google logoIn a ruling made last year by the EU, Google was ordered to entertain “right to be forgotten” requests which basically scrubs links related to a person/organization from Google’s own search results. According to the recent numbers, Google has apparently denied about 59% of the requests, something that French privacy watchdog CNIL isn’t too happy about.

Advertising

So much so that they have issued Google an ultimatum and have given them 15 days to delist links globally or face sanctions. Now it seems that the CNIL isn’t demanding that Google agree to every request, but at the moment the delisting of links seems to only apply in the European region, but the CNIL is asking Google to remove it on a global scale which we suppose makes sense.

According to the CNIL, “Following the assessment of the complaints, the CNIL has requested Google to carry out the delisting of several results. It was expressly requested that the delisting should be effective on whole search engine, irrespective of the extension used (.fr; .uk; .com …).”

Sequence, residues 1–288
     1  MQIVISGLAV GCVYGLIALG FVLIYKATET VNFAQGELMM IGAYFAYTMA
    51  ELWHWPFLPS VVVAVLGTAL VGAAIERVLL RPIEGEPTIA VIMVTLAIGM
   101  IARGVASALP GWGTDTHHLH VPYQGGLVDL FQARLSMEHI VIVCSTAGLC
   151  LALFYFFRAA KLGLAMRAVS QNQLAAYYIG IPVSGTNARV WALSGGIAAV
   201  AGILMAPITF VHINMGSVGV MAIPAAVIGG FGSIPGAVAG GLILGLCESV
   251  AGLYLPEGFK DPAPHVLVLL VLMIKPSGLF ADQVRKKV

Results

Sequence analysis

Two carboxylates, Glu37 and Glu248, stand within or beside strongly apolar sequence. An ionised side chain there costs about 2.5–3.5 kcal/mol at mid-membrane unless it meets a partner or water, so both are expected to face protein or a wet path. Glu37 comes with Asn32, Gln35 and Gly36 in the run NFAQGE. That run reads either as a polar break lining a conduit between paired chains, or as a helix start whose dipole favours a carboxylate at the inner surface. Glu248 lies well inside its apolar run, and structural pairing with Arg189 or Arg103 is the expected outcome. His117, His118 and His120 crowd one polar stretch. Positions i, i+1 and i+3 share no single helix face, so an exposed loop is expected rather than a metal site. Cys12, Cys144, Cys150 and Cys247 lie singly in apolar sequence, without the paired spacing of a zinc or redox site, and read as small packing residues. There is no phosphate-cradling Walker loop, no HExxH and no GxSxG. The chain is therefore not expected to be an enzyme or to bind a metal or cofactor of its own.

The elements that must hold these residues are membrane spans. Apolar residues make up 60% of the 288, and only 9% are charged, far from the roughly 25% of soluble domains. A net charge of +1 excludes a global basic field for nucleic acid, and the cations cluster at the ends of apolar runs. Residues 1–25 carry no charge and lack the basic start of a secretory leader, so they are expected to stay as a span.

However Google begs to differ. The company claims that they have been doing what they have been asked, which according to Google, “We’ve been working hard to strike the right balance in implementing the European Court’s ruling, co-operating closely with data protection authorities. The ruling focused on services directed to European users, and that’s the approach we are taking in complying with it.”

In any case what do you guys think of this? Was it implied that Google should have delisted those links on a global scale, or because it was ordered by the EU that it only applies to the European region?

Filed in Web. Read more about , and .

Related Articles on Ubergizmo